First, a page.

Working Together Makes All the Difference

Young family smiling together in front of their new homeWoman smiling and cuddling a baby

For two O‘ahu nonprofits, ramping up their operation to distribute millions of dollars of emergency housing relief took teamwork.

On the surface, it sounds like the best problem in the world: The City and County of Honolulu is offering to contract with your nonprofit to distribute hundreds of millions of federal emergency relief funds to Hawai‘i families who need help staying in their homes.

But for local organizations that have never taken on a project anywhere close to this kind of scale, it’s not quite so simple.

“Everybody wants to join a party. Nobody wants to start one,” says Robert Van Tassell, CEO and president of Catholic Charities Hawai‘i (CCH). In order to handle the huge ramp-up in capacity that would be required, almost overnight, his organization would have to hire additional staff, set up new software systems, find a larger office location and pre-pay rents and salaries. All while fulfilling its normal range of services to the public. And in the middle of a pandemic. It was a formidable challenge.

When COVID-19 hit Hawai‘i’s shores in early 2020, Island nonprofits like CCH and the Council for Native Hawaiian Advancement (CNHA) very quickly had their hands full, working to meet the huge array of needs sparked by the pandemic. In particular demand was emergency rental assistance for families whose income had disappeared as the local economy nosedived.

The Hawai‘i Community Foundation helped facilitate some of these early relief efforts, awarding Hawai‘i Resilience Fund grant money to CCH and CNHA to get the wheels turning. Then, as Federal CARES Act funding started becoming available, the City and County of Honolulu put out a call for nonprofit organizations to distribute this funding.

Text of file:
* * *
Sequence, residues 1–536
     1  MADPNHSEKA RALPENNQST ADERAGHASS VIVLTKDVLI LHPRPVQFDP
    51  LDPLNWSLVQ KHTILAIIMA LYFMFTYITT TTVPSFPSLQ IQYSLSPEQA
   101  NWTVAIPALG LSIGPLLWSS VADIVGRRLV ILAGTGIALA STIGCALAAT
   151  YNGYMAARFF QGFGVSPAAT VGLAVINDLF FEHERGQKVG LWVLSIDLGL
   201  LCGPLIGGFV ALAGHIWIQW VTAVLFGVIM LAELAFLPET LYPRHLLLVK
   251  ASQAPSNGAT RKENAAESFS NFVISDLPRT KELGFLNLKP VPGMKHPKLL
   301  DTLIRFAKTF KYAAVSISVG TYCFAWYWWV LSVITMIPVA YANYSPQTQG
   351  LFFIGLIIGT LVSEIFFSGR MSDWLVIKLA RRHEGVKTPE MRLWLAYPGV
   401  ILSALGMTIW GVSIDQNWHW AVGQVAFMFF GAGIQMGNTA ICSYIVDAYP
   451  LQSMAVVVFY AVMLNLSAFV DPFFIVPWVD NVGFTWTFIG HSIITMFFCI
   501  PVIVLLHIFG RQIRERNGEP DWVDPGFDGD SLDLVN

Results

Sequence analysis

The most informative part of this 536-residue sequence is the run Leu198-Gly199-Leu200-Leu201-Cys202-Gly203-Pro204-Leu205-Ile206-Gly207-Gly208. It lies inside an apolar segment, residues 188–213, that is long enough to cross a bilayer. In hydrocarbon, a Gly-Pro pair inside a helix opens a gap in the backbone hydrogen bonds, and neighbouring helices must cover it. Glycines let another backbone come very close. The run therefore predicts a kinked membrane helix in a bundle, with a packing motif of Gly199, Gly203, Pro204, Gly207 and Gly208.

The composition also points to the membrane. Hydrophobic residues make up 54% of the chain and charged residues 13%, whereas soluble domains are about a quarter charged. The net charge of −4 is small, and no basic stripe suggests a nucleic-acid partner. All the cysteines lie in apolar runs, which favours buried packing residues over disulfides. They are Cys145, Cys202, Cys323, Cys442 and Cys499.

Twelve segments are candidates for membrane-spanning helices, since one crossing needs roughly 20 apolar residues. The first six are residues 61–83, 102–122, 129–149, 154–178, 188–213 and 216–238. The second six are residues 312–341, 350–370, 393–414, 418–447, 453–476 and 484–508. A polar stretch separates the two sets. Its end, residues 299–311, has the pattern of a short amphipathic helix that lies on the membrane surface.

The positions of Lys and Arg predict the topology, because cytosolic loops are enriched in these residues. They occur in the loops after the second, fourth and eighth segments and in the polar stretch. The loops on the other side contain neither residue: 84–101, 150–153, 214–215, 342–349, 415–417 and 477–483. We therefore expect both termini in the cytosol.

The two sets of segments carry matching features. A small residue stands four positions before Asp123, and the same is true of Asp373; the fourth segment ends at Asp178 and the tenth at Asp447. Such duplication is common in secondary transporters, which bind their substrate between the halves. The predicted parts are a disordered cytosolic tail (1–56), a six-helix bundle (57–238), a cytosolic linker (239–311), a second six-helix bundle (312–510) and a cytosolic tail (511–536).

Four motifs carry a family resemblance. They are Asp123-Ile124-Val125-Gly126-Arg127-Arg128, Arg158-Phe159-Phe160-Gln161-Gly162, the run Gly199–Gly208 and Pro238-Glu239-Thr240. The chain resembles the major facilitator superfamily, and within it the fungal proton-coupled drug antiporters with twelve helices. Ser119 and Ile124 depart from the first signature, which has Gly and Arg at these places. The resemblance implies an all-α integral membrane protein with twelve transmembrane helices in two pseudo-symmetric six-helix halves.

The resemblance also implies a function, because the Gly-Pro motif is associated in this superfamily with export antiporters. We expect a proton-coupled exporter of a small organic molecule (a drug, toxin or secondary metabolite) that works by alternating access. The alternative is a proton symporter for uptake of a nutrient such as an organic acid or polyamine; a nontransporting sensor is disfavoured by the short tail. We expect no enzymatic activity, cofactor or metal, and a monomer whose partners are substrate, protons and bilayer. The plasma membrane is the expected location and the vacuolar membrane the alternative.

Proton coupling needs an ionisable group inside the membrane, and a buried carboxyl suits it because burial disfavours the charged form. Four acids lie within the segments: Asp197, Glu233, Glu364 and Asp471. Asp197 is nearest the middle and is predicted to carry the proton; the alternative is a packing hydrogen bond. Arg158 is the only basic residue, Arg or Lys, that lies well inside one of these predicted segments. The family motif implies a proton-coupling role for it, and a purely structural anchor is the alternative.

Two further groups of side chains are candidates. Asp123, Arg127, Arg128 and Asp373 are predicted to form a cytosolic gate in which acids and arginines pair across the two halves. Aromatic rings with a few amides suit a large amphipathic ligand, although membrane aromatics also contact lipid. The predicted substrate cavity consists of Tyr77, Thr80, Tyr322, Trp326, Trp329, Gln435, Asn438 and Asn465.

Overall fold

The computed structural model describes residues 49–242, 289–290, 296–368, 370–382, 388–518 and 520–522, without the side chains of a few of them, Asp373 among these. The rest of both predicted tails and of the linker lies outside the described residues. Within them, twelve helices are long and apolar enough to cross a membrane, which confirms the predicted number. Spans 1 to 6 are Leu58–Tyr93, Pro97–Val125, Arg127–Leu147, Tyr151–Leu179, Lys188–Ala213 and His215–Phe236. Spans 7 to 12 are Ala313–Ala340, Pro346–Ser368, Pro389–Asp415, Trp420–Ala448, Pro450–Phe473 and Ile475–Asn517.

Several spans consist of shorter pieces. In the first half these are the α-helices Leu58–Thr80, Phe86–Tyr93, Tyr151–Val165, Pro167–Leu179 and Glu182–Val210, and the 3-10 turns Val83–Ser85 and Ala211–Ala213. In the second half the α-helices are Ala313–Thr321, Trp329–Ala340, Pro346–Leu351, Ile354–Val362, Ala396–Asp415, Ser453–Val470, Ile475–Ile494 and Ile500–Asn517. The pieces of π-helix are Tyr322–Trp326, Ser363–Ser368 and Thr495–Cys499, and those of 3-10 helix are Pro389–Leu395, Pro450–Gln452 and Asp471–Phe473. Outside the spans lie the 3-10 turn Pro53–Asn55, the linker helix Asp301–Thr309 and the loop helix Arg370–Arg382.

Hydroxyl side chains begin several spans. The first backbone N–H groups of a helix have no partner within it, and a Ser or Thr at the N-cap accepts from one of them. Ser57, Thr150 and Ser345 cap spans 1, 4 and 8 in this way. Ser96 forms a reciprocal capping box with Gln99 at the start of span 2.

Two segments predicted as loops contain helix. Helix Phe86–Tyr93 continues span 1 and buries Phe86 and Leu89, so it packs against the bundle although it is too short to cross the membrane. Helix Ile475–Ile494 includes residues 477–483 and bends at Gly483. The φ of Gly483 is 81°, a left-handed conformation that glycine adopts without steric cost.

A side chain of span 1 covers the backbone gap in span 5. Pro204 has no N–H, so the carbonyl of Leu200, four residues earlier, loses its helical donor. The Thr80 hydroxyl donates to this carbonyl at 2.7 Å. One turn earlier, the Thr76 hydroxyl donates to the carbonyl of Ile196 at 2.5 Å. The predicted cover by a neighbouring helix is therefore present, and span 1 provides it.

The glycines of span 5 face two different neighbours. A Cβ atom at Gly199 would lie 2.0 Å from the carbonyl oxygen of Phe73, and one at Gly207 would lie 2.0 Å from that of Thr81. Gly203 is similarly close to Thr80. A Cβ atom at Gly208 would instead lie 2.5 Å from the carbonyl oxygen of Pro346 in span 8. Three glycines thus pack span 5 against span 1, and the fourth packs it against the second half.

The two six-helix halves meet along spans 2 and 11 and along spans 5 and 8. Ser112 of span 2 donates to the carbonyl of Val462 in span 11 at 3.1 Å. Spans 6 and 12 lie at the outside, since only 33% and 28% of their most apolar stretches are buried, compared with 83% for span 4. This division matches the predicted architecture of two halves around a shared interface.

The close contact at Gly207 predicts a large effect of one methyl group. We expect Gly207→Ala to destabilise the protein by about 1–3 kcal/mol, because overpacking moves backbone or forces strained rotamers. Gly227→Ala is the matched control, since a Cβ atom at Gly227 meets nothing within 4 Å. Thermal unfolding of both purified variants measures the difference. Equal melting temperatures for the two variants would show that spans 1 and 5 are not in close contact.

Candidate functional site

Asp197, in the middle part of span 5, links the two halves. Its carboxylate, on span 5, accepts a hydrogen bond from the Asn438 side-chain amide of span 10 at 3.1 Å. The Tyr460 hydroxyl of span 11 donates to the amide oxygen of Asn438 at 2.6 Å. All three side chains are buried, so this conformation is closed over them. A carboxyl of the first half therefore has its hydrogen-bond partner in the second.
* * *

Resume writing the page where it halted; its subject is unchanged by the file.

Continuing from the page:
Because their emergency relief efforts were so similar, CCH and CNHA decided in early 2021 to join forces to bid for the CARES Act contract. “We came together for this one,” says Kūhiō Lewis, CEO of CNHA. “We hadn’t worked together much prior to this, but this program was extremely complex, and approaching it together allowed us to be innovative, to learn from each other, to feed off each other’s strengths.”

Michelle Ka‘uhane, HCF’s Senior VP and chief impact officer, helped broker the contract talks. “Not only did HCF advocate for us with the City and County, they also put up resources to help build our capacity,” Lewis says.

After extensive negotiations and planning sessions, CCH and CNHA landed the CARES Act contract, and quickly scaled up operations to be able to extend emergency housing relief to as many Hawai‘i residents as possible. To date, the two nonprofits have distributed more than $153 million in relief funds. Not only that, but the U.S. Treasury reported that the City and County of Honolulu was first in the nation in the amount of rental and utility assistance funds disbursed to a city’s residents, a real testament to the City and County’s timely work and willingness to work collaboratively with nonprofit partners.

Ka‘uhane says, “The thing that sticks out to me is how effective partnerships between nonprofits can be. In a time of need, in the face of adversity, they held it together, and they delivered for the communities they exist to serve. For HCF to be a part of something like that, it really speaks to the core of what we do.”